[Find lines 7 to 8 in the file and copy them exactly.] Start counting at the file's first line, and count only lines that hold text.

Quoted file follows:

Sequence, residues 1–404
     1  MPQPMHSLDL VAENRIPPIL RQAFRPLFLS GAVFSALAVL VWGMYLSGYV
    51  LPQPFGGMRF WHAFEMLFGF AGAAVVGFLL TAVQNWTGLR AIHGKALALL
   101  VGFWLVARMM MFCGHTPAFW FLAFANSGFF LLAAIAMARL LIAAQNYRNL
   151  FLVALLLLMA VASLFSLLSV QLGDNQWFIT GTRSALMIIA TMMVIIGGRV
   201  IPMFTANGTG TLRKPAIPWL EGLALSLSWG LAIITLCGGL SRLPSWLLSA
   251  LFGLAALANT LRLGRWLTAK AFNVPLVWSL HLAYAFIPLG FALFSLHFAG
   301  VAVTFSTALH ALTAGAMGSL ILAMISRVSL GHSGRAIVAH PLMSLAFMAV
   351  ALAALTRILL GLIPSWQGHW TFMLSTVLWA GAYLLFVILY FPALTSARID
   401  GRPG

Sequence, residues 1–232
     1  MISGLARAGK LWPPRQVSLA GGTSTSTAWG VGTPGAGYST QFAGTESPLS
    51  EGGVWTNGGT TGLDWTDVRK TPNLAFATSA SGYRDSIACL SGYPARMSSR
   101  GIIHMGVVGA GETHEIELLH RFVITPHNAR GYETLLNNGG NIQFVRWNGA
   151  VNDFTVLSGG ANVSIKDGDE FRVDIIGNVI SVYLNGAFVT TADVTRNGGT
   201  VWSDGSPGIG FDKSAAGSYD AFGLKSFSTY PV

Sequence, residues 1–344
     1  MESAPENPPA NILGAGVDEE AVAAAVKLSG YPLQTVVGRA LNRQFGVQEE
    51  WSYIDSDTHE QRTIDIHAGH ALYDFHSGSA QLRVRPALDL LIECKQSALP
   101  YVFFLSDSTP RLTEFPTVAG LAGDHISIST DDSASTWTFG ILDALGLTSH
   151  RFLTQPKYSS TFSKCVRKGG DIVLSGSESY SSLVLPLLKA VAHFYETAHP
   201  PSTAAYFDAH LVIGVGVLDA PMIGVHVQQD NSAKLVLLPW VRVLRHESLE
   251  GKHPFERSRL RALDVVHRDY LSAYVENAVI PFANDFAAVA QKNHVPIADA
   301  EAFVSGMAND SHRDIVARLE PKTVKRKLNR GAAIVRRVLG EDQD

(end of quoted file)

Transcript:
   251  LFGLAALANT LRLGRWLTAK AFNVPLVWSL HLAYAFIPLG FALFSLHFAG
   301  VAVTFSTALH ALTAGAMGSL ILAMISRVSL GHSGRAIVAH PLMSLAFMAV